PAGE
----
The Kansas State Veterinary Diagnostic Laboratory has added a canine influenza test designed to differentiate between the common H3N8 and emerging H3N2 strains.
An H3N2 outbreak first reported in Chicago in mid-March has infected more than 1,000 dogs in about a dozen states, killing an estimated 2 to 3 percent of patients.
The laboratory’s H3N2 test was developed at Kansas State University but is not the first. Cornell University’s Animal Health Diagnostic Center and Idexx Laboratories Inc., for example, can confirm whether submitted swabs carry H3N2.
“The test offered by Idexx is a PCR assay,” said Ben Hause, MS, Ph.D., a research assistant professor in the Kansas State University College of Veterinary Medicine. “They run a PCR panel that gives yes/no answers whether the sample is positive for influenza A virus and if positive, whether it’s positive for H3 or N2 or N8. This will tell you whether the sample is positive for influenza and what the subtype is.
“We also screen samples initially by PCR to tell if the sample is positive for influenza A virus,” Hause said. “If positive, we then subtype the virus by sequencing. This will give us the H and N types, but as opposed to the Idexx assay that gives a yes/no result, we have the genetic sequence for the HA/NA genes.
“Influenza viruses mutate rapidly, and there can be significant genetic/antigenic variability within a subtype,” he added. “Sequencing is the best way for us to determine subtype and genetically characterize the virus in finer detail. Sequence information can allow us to predict whether a vaccine will be effective, develop new vaccines or perform epidemiological studies.”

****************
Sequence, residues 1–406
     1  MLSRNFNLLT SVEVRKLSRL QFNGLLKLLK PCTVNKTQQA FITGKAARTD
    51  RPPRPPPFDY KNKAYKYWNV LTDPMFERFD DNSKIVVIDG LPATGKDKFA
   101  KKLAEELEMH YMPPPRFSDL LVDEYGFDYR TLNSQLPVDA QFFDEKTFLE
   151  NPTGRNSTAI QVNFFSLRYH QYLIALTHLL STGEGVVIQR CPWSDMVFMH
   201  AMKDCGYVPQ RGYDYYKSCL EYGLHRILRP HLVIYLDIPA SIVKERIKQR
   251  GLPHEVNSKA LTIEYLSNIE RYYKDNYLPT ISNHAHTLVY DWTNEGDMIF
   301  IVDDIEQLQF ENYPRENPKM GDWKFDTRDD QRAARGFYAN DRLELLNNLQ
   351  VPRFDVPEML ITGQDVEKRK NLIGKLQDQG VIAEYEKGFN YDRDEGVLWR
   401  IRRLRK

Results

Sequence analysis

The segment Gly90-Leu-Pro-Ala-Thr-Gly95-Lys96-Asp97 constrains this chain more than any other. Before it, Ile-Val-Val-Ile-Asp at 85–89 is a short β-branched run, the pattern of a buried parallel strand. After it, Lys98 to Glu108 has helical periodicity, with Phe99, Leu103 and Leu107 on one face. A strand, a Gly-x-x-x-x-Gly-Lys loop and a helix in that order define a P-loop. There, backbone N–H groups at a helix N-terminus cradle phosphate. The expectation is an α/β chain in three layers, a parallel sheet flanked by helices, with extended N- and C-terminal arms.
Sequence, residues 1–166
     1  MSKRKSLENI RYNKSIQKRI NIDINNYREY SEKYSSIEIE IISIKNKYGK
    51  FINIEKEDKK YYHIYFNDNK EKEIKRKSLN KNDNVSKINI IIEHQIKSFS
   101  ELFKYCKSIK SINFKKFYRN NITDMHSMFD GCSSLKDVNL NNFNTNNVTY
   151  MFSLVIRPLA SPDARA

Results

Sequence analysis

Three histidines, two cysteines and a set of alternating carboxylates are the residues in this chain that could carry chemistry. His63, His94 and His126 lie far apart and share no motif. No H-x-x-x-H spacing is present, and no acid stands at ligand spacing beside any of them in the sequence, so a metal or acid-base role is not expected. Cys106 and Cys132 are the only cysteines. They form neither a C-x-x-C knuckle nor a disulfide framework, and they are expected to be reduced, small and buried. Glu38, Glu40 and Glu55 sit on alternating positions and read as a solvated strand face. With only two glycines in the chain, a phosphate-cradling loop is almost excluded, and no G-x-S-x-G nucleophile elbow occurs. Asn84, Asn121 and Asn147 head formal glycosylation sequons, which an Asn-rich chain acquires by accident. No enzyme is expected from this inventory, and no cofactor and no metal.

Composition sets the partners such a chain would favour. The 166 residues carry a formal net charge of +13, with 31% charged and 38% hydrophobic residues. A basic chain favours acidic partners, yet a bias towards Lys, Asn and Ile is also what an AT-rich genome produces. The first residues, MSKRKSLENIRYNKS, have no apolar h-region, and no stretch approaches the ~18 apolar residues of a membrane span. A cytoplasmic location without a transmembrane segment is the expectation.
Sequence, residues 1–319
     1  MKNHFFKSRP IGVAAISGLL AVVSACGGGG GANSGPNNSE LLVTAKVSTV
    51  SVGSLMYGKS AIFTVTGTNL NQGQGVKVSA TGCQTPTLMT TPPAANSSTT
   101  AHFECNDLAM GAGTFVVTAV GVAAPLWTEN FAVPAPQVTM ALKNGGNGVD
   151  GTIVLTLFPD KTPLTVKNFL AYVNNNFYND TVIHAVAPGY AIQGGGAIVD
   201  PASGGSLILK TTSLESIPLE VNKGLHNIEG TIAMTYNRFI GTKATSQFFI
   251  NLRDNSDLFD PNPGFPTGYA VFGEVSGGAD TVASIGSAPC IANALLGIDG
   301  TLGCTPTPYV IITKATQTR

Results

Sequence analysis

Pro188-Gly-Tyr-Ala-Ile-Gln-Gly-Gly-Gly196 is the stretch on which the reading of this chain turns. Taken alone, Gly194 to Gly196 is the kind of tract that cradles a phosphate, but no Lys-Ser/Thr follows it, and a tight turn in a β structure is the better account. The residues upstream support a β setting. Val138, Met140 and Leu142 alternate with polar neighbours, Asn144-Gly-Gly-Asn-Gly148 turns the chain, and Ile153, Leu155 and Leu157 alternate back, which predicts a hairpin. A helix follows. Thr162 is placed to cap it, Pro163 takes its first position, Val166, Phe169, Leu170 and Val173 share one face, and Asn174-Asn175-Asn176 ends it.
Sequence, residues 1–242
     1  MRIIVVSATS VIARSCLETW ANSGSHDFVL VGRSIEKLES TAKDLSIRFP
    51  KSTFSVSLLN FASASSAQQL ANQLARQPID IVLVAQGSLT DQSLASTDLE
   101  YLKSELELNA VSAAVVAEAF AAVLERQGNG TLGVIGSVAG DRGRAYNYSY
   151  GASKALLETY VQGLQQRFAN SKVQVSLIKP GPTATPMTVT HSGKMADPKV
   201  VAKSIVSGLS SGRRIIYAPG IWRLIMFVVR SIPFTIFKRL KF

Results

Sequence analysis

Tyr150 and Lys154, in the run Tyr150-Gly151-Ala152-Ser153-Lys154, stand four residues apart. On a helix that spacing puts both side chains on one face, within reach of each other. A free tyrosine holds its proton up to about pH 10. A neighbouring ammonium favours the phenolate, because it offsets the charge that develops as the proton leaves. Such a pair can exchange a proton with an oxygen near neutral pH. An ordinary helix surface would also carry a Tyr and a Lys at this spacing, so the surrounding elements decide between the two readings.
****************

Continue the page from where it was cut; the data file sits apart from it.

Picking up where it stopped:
A vaccine is not available for canine H3N2, a strain first identified in Asia in 2006.
“It is still unknown if the vaccine for the H3N8 strain of canine influenza offers cross-protection for this new strain,” said Susan Nelson, DVM, a clinical associate professor at Kansas State’s Veterinary Health Center.
“The main thing is to be vigilant about where you’re taking your dog and watch for signs of illness,” Dr. Nelson said. “This is a disease we’re going to see most often in places where there are groups of dogs, such as doggie day cares, dog parks and boarding facilities.”
Eighty percent of dogs infected with H3N2 display signs such as a cough, fever, nasal discharge, dehydration and lethargy, Kansas State reported. The other 20 percent are symptom-free but remain contagious, Nelson said.
“The vast majority of dogs have a mild form of the disease that lasts for about two to three weeks,” Nelson said. “They will get better with just supportive care. About 10 percent of these dogs can develop pneumonia, which can be fatal.”